If Richard Henry had his way, we wouldn’t be celebrating the New Year quite yet. The Johns Hopkins University physics and astronomy professor along with his colleague Steve Hanke, an economics professor, have come up with a calendar they believe would simplify scheduling and accountancy once and for all.

Gregorian timing

More than four centuries ago Pope Gregory XIII designed the calendar we use today as a fix to the Julian calendar, which had miscalculated the number of days it takes for the Earth to revolve around the sun. He wanted to keep Easter in the Spring, but also created a calendar riddled with idiosyncracies.  

In the Hanke-Henry Permanent Calendar, every date would fall on the same day of the week every year. The pair want their calendar adopted worldwide by January 1, 2017 — the next time that New Year’s Day falls on a Sunday. Their goal is to do away with scheduling problems and financial reporting errors that result from using a calendar system, where quarters and months are different lengths and dates jump to a different day every year.

 

In their proposed calendar, two 30-day months are followed by one 31-day month with an extra week called Xtr added on every five or six years to account for seasonal drift.

Avoiding ‘calendar confusion’

The pair say their calendar improves upon previous efforts because it preserves the 12 month, seven-day week idea, while eliminating what they call “calendar confusion.”

Because the days don’t jump around from year to year in their version, scheduling for things like holidays, sporting events and university start dates would only need to be planned once and then never changed. Christmas, for example, would always be on a Sunday.

Calculations would also be easier, they claim. Bond, mortgage and other interest rate calculations are often based on a 30-day month, which Hanke said leads to tricky sums and errors with months that have 28 or 31 days.

“Our calendar solves that problem” because it would do away with the need for day count conventions all together, Hanke said. 

In addition, because each quarter in the Hanke-Henry calendar is 91 days, corporate quarter calculations would become easier. As an example they point to Apple’s 2012 fourth quarter earnings, which fell short of Wall Street expectations sinking the company’s share price. It turns out that analysts failed to account for the extra week that Apple had added to the fourth quarter in 2011 to account for leap days.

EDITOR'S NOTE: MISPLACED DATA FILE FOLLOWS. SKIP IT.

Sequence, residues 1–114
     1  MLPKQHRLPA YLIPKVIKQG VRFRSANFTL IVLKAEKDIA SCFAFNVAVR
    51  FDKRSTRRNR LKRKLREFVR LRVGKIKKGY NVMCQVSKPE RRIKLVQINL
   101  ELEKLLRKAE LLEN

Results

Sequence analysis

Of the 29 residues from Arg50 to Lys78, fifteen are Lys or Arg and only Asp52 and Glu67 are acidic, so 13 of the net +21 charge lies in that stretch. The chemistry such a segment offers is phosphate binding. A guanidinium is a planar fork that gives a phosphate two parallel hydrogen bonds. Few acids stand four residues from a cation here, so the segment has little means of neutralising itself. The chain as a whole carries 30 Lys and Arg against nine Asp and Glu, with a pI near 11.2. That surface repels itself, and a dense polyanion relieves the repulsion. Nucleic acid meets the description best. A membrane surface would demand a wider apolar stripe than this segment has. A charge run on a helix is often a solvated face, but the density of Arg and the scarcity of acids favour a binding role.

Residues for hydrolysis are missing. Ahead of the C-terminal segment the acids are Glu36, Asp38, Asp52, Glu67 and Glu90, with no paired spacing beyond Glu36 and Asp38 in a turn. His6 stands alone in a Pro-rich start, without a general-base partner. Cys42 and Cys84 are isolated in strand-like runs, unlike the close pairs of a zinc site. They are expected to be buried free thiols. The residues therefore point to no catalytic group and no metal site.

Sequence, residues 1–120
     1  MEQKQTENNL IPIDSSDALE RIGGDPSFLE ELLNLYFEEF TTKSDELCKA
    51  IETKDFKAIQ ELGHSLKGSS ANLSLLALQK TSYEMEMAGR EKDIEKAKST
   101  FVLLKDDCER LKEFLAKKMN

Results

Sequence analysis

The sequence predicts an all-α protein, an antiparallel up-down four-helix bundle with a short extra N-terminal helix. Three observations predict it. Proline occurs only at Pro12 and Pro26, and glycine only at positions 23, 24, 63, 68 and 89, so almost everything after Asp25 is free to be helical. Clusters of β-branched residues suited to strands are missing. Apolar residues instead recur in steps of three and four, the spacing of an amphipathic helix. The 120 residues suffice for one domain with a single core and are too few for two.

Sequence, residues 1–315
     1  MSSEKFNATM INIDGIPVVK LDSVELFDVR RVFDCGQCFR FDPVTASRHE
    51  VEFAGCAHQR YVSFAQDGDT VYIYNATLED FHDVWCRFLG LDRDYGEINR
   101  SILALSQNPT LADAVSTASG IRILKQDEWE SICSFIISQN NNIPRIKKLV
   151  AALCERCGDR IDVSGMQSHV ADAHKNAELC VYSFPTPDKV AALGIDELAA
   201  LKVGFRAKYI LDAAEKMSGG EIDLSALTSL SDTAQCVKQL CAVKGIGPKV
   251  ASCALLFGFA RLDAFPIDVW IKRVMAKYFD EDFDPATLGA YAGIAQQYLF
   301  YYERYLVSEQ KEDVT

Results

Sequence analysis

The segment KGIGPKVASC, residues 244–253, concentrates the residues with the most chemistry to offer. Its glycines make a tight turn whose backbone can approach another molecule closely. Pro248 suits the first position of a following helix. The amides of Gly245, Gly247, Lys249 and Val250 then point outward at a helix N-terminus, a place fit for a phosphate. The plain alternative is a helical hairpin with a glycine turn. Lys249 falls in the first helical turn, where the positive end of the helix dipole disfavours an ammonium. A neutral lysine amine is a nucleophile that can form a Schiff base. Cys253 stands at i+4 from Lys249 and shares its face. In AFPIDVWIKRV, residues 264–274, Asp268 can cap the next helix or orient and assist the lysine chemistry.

Because each quarter in the Hanke-Henry calendar is 91 days, corporate quarter calculations would become easier.

Realigning time

Henry first got the idea to revise the calendar when he started teaching an astronomy class to students at Johns Hopkins in Baltimore. Even though the content of his class never changed, he had to update the syllabus, lecture and exam schedule every year.

“The only reason that is necessary is because the world adopted the Gregorian calendar,” said Henry. “As a professional astronomer I knew there had to be a better way.”

The snag for solar calendar planners is that it takes 365.2422 days for the earth to orbit the sun, complicating any sort of neat division of days and months. For most of history religious concerns rather than business interests have shaped calendar planning.

Every month had 28 days with an extra month called Sol in the summer and a leap day added at the end of December.

Many countries today such as Bulgaria, China, Iran and Israel use other calendars in parallel to the Gregorian calendar to mark holidays and religious observances. 

A matter of economics

This centuries-old calendar makes modern day scheduling and accounting a nightmare, but reformers have had little luck in convincing the world to move away from it.

In the early Twentieth Century “economic interests behind calendar reform came together,” said Vanessa Ogle, assistant professor of history at the University of Pennsylvania and author of The Global Transformation of Time. The rise of complex multinational firms, globalisation and cost accounting gave momentum to the movement to replace the Gregorian calendar with a more business friendly version.